A seasonal pot-pourri

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Hey there, time traveller!
This article was published 17/08/2021 (538 days ago), so information in it may no longer be current.

The seasons come and go — in nature as in our lives.

After not being in close contact with fellow tenants at our assisted living quarters for well over a year because of COVID-19 restrictions, we now look anxiously around us to see if we can spot the friends we’d made through our years of mutual fellowship.

Have they survived? Have they moved on to a nursing home? Or have they passed on, as we’re all destined to do eventually?

Photo by Anne Yanchyshyn Messages from the schoolchildren of today are written in the orange hearts on the lawn at École Jeanne-Sauve

We feel blessed to meet new people outside our building, now that summer is here. They are trying to fit in and be accepted as we ourselves once had to do.

I like to go for a walk before the day gets too hot. Yes, we’ve been experiencing hot, hot temperatures lately, sometimes for a whole week at around 30 C. People in Western Canada have experienced temperatures above 40 C and fires completely ravaged the town of Lytton, B.C. Farther south, in Phoenix and Los Vegas, the reading sometimes reaches 45 C, or 113 F. The rest of North America, including our north, is feeling unrelenting heat as well, causing our glaciers and icecaps to melt and recede.

What does this extreme weather mean? Climate change in full view! Crops are suffering from drought. The grass is starting to look brownish, even though the trees still shimmer their glossy leaves like spectators waving tiny banners at sports events.

That’s wishful thinking, but I welcome the sight as I proceed across the street to investigate the flurry of heart-shaped signs spread out on the front lawn of École Jeanne0Sauve, where the flag has been flying at half-mast for weeks. Displayed on sticks in groups of three, row upon row, are six dozen messages written in memory of Indigenous children whose graves at former residential schools are being confirmed.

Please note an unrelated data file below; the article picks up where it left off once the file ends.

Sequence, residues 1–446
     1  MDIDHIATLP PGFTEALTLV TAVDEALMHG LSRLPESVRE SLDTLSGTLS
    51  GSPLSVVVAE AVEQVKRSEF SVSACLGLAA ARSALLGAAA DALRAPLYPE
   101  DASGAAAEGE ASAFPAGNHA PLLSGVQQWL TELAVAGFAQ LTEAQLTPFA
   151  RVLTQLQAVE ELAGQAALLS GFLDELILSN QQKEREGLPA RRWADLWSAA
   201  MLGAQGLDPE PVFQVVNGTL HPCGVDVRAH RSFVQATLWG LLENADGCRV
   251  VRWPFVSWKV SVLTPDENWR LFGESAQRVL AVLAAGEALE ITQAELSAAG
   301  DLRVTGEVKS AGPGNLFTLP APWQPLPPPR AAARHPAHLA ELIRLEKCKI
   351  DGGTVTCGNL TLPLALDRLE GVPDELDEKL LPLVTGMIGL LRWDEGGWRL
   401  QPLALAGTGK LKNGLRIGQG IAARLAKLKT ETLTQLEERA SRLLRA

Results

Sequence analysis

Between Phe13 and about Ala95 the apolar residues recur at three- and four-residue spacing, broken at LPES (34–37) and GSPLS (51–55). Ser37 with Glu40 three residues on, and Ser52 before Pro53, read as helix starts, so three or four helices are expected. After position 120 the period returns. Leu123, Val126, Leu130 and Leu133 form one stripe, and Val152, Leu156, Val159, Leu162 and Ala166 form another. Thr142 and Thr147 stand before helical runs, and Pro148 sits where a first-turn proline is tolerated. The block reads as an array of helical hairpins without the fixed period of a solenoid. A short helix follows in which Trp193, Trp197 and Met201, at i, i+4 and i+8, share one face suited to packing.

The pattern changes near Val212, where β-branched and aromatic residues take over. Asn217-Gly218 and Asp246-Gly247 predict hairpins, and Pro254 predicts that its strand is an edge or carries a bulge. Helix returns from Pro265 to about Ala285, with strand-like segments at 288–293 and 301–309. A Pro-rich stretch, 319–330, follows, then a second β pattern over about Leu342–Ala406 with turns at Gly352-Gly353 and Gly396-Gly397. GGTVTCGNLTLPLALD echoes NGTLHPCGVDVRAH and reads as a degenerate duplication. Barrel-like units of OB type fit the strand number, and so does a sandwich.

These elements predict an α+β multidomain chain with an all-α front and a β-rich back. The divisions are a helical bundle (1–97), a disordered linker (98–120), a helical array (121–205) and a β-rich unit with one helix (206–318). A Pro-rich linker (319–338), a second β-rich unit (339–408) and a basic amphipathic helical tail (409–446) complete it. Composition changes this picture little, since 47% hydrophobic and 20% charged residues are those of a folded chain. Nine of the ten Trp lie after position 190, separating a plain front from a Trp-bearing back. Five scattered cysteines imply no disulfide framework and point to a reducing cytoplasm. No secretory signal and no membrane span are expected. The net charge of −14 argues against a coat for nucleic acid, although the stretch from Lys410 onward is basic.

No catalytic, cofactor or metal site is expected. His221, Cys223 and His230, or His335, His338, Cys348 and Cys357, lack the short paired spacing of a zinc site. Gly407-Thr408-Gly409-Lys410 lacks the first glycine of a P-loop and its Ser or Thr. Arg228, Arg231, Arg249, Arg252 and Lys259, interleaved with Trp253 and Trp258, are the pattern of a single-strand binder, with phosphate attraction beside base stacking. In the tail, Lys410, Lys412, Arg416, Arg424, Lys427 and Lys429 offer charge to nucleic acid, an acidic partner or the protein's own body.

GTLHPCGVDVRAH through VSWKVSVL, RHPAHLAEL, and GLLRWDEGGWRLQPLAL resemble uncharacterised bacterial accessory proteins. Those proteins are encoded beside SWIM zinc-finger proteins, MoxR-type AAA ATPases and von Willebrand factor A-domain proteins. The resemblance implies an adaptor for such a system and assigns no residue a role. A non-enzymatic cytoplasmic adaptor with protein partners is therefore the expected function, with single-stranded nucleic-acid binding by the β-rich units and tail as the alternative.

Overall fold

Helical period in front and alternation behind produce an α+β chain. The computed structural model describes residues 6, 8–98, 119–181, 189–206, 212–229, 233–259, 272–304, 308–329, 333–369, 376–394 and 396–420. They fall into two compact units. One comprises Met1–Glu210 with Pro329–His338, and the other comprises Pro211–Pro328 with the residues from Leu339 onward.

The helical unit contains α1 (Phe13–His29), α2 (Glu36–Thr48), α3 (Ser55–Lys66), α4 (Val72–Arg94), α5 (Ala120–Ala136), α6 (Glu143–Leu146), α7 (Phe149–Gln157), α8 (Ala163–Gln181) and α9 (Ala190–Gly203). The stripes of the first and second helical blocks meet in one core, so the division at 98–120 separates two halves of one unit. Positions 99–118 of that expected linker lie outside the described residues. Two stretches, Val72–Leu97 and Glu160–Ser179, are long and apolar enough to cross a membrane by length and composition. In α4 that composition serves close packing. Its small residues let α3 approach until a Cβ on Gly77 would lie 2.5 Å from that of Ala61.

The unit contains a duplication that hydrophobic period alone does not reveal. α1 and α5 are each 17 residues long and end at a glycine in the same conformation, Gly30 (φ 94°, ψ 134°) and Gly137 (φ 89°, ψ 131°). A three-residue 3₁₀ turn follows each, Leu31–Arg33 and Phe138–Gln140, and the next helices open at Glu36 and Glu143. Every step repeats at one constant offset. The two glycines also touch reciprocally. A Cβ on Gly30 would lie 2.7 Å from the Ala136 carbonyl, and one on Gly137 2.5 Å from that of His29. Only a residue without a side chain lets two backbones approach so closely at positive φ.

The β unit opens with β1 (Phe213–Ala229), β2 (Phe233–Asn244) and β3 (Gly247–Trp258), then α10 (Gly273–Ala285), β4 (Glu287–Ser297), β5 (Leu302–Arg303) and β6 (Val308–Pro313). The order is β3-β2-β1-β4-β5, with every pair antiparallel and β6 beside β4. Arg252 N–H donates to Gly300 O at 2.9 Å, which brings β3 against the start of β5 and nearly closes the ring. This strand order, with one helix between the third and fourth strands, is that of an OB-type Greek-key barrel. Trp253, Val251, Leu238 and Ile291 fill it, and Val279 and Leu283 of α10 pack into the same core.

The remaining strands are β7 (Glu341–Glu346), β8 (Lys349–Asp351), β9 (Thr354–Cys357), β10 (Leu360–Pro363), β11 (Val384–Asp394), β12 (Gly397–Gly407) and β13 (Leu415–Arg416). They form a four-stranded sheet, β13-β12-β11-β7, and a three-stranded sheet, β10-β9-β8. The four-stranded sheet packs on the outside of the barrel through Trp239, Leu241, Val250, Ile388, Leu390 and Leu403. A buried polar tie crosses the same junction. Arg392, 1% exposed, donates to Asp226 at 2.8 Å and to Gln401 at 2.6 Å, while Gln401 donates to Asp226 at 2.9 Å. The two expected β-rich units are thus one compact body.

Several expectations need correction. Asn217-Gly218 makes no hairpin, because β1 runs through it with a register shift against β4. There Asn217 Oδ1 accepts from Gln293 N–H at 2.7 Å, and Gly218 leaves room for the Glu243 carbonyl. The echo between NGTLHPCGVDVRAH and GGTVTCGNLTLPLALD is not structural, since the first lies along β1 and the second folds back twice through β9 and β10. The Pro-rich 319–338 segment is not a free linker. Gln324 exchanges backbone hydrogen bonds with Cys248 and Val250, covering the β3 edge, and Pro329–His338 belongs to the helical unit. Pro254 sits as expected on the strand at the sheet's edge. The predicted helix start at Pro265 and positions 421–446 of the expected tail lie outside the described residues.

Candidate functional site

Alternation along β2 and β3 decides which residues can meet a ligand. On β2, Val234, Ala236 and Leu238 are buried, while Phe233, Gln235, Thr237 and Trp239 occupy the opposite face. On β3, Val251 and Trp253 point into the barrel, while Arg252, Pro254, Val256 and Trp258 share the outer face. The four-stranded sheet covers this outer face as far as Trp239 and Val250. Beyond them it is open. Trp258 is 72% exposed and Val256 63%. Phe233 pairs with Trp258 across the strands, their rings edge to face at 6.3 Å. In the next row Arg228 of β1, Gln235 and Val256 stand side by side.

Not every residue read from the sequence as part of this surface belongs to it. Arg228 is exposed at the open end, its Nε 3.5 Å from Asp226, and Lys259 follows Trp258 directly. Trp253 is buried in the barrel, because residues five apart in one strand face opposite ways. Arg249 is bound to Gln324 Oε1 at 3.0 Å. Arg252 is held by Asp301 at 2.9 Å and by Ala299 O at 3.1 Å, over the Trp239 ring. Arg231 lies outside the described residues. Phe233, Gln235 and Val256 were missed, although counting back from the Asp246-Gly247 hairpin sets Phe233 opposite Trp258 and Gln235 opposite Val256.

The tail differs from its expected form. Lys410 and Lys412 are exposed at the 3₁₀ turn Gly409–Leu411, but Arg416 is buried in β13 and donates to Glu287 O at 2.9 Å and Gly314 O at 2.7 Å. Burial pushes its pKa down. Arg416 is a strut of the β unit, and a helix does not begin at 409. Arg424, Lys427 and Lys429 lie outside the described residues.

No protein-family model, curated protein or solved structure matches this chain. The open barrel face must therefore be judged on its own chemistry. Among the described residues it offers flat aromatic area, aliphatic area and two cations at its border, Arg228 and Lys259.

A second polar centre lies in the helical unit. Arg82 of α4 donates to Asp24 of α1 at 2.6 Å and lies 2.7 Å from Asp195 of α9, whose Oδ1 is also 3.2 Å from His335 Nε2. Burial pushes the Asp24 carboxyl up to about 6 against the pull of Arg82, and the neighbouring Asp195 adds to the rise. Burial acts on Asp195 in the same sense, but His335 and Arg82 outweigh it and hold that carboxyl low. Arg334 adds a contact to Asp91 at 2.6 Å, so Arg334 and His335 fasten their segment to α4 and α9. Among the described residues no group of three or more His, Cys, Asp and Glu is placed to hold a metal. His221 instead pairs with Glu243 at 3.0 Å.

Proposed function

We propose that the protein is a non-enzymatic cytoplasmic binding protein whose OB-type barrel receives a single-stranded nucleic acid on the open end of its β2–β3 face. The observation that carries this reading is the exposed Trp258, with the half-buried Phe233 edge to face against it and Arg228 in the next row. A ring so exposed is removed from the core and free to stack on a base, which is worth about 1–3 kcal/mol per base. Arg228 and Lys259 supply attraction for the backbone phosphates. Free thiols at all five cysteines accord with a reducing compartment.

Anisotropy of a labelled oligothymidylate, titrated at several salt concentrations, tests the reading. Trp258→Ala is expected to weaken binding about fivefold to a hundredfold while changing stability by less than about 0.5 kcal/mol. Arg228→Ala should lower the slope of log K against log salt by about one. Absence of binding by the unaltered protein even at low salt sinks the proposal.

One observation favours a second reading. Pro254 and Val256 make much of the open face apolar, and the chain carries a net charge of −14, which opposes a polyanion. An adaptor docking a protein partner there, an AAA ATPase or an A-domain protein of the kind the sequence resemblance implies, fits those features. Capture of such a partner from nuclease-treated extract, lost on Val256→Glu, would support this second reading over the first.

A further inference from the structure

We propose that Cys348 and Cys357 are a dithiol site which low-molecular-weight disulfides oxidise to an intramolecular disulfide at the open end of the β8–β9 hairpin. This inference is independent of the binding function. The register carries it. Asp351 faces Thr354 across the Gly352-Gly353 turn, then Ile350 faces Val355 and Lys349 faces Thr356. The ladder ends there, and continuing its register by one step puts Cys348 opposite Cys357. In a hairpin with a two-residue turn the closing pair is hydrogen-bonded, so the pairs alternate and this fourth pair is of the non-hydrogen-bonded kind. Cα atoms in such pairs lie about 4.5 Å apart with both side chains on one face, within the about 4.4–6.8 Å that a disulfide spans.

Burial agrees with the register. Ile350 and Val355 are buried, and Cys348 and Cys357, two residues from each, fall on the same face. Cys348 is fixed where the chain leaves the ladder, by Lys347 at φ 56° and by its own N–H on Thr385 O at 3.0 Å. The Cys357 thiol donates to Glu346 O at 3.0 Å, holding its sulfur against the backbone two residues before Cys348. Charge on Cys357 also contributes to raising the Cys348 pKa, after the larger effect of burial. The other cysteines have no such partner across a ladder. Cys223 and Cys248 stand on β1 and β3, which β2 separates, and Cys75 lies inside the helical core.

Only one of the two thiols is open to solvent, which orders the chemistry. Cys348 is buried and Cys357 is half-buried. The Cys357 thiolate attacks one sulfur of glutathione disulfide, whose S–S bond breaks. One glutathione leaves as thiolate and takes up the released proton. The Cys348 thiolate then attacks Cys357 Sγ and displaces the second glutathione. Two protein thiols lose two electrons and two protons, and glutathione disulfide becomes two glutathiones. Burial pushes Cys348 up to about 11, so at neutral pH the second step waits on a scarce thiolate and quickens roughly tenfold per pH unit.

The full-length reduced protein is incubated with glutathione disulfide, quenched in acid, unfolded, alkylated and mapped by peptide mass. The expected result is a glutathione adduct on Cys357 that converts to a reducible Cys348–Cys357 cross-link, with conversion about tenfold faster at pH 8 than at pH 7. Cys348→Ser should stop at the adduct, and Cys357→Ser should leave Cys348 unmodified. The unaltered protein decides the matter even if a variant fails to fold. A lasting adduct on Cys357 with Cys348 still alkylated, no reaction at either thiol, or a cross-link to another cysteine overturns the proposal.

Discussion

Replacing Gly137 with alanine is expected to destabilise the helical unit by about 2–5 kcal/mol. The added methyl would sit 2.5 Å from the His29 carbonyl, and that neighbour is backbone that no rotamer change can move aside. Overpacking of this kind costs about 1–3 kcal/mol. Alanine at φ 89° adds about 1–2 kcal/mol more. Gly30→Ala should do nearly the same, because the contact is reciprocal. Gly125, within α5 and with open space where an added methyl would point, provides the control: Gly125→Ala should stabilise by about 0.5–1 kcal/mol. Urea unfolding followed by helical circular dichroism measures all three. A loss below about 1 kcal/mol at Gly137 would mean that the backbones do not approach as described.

I step into their midst and read:

• “Every child matters… There is no reconciliation without truth.”

• “Sad day in history… In hopes never to repeat itself.”

• “I commit to learn more… I pray they will Rest in Peace”

• “And a little voice says, ‘It’s OK now, they’ve found us.’”

There’s more;much more.

The recent vandalism of royal statues brought out declarations that violence does not further the economy or education, but that “destruction of material things is nothing compared with the destruction of children’s lives.”

Sobering thoughts. It is encouraging to see the younger generation address the problems that previous generations have allowed to fester. In the young, in the future, there is hope.

On a lighter note: a big thank-you for help with distribution of my MUSINGS book. Pickup continues at 204-237-9056.

Anne Yanchyshyn is a community correspondent for St. Vital. Email her at acy@mymts.net

Anne Yanchyshyn

Anne Yanchyshyn
St. Vital community correspondent

Anne Yanchyshyn is a community correspondent for St. Vital.

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